STOCKBRIDGE.—On Wednesday last a meeting was held at the Grosvenor Arms, which was attended by some of the most influential landowners and agriculturists in this neighbourhood, to consider the propriety of petitioning to parliament for protection to the agricultural interests of this country; when, after a mature consideration, it was thought necessary and prudent to provide separate petitions for each of the several parishes connected with this union; and we hope this laudable example will be followed by others.

AYLESBURY.—A meeting of between 500 and 600 farmers and others interested in the prospects of agriculture, was held here on Saturday, in the County Hall.   Men of all politics took prominent parts in the proceedings, who seemed to merge all minor differences in order the more cordially to unite and the more firmly to combine to resist the common enemy.   At twelve o'clock, Mr. Edward HORWOOD, of Aston Clinton, was called to the chair.  On the platform were Sir Harry VERNEY, Messrs. PICHFORD, LEDBROOK, LUCAS, ELLIOT, FOWLER, E. HOWOOD, T. HORWOOD, FOWLER, jun., RIDGWAY, HARDING, WING PULVER, &c.  Resolutions condemnatory of the League were adopted, and a protective association was formed.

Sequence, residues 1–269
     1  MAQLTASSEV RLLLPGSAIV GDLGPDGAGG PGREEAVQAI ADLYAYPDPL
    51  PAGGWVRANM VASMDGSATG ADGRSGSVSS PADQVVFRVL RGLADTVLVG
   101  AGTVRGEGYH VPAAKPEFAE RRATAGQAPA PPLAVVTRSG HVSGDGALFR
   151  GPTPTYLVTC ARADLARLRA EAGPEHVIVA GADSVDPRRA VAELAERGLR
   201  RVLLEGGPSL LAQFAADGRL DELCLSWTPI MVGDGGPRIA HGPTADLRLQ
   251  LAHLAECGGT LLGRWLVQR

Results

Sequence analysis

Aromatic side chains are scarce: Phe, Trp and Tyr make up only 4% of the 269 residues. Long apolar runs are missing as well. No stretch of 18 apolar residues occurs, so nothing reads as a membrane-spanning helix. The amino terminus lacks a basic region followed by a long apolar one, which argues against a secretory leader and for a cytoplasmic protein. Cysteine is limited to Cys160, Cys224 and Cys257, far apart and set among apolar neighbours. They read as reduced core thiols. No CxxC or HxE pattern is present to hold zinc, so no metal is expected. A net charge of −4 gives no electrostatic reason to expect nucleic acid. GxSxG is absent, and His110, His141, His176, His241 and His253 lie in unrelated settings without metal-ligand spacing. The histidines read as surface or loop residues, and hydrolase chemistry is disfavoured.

KELSO.— A numerous and highly influential meeting of tenantry, landed proprietors, and others, convened by the Committee of the Border Association for the Encouragement of Agriculture, was held in the Assembly Room of the Cross Keys, on Friday, for the purpose, as stated in the advertisement, of taking measures for counteracting the machinations of the Anti-Corn Law League.   The meeting was conducted with the greatest spirit, and the following striking facts were brought under its notice by Lord John SCOTT.   We quote from the Kelso Mail of Monday, "His lordship said, the employment of our native labour in agricultural pursuits caused an increased demand for the manufactures of the country; and he would show that it also caused an increase in the export trade in manufacturers.   From the year 1592 up to 1772, the Corn Laws had been framed on the principle of protection; but at the later period all restriction was abolished. From that time agricultural improvement appeared to languish, and commerce decreased; and in 1799 a duty of 24s 3d per quarter was imposed when wheat was at or under 50s the quarter; when duty was 6d.   At this time the general export trade was admitted by M'CULLOCH to be scarcely worth notice.  The official value of the export trade in cotton manufactures was however, stated.   It was very small, being £1,662,369.  In 1804 came the next alteration in the Corn Laws, when the admission of foreign wheat was permitted at a duty of 24s 3d, when wheat was under 63s per quarter; at 63s and under 66s, the duty was 2s 6d; and above 66s, it was 6d; and a bounty of 5s per quarter on exportation was allowed when wheat was at 48s.   In this year, 1804, the value of the exports of cotton manufacture was £7,834,564, and of total British produce £20,042,596.   The number of British ships employed was 4865, and the tonnage 904,932.   In 1815 the laws were made more stringent, even to the pitch of prohibition; for no foreign wheat was admitted till the price in this country reached eighty shillings per quarter.   (Cheers.)  And yet these poor manufacturers, who had been making fortunes so rapidly, not content to allow the landlord to get three per cent for his money, must seek to amass more upon the ruins of their fellow citizens.   In 1822, when the then new corn law was passed, the value of cotton manufactures exported was £24,559,272 and that of all kinds of British produce, exported, £40,194,681.   The shipping was in number 11,087, and in tonnage 1,372,108.  These were the damning effect of the corn law of 1815.  (Cheers.)   The act of 1822 admitted foreign wheat, when the price was at or above 70s, at a duty of 12s; above 70s, and under 80s, at 5s, and above 80s, and under 85s, at 1s, but as the price never reached 80s, this law may be said never to have come into operation; foreign corn was in fact almost prohibited, and native agriculture had this unlimited protection.   But does trade diminish in consequence?  In 1828 the value of the exports of cotton was £28,981,575, and the total value of British produce exported, £51,279,102.   Number of ships 13,436, tonnage 2,094,367.  As we kept going on with this law we found the manufacturer making money with greater and greater rapidity.; and yet they wanted to make it out, among a certain class, by ad captundum and false arguments, that prices would be reduced, and food cheap; but no sooner did they get among the agriculturists than they altered their tone, and would prove that there would not be this falling off, and that prices would not be reduced. (Hear, hear.)   Now if prices would be kept up, why all this nonsense about cheap bread?  Why, it appeared these suffering and famishing millions were to suffer and famish still, just that these men might have the means of amassing more wealth.   The whole affair was rubbish from beginning to end.  (Loud applause.)  They not only put themselves into the position of inducing foreign countries to have the entire command of our bread market, but also to have the means of rivaling us in manufactures, merely that they might be able, in their own short lives, to amass all the wealth possible.   Posterity never did anything for the capitalists, and the capitalists would do nothing for posterity. (Here.)  If they had their measures, not one individual, save themselves, would be better off than before; and as to the famishing population of whom they spoke, they were, it appeared, not to have bread cheaper than now.   It is like taking a hungry man to the window of a cook shop, and showing him all the good things within, without allowing him to taste. (Laughter.)  Well, in 1828, the principle of a varying scale of protection was adopted, commencing at or above 73s per quarter, when the duty was 1s; when the price was 72s, 6s 8d; at 70s and under 71s, 10s 8d; and so on, finishing with a duty of 36s 8d, when the price was under 51s.   This law showed no great relaxation of protection, and it continued in operation up to 1842, when Sir Robert PEEL'S modification was made, with the particulars of which they were familiar.   Up to 1835, at which time a continued rapid improvement  in manufactures was still apparent, the export of cotton was £44,266,903 and the total British produce £73,495,536; and this would show that from 1804, at which time the Corn Laws became highly protective, the export trade in manufactured cottons had increased nearly six fold—(loud cheers)—while the general exports had extended from £20,000,000 to £73,000,000.   (Renewed cheers.)  In 1790, as we have seen, the export of cotton was £1,662,000; in 1804 it was £7,854,000, in 1815 it was £21,430,000; in 1822 it was £24,559,000; in 1828 it was £28,981,000; and in 1835 it was £44,266,000, while at this period the value of the total exports of British manufactured produce was £73,495,536.   This was in 1835; and these official tables being taken from the work of the Free Trader M'CULLOCK, he was unable to continue them further from that source; but he had been handed a paper containing the table for 1837, which showed that the improvement was going on then with undiminished regularity, the total value of the exports that year being £84883276, no less than £11,387,740 advance upon 1835.   All this was pretty conclusive that these laws were not so extremely prejudicial as the lower classes had been led to suppose."  A liberal subscription was entered upon in the room.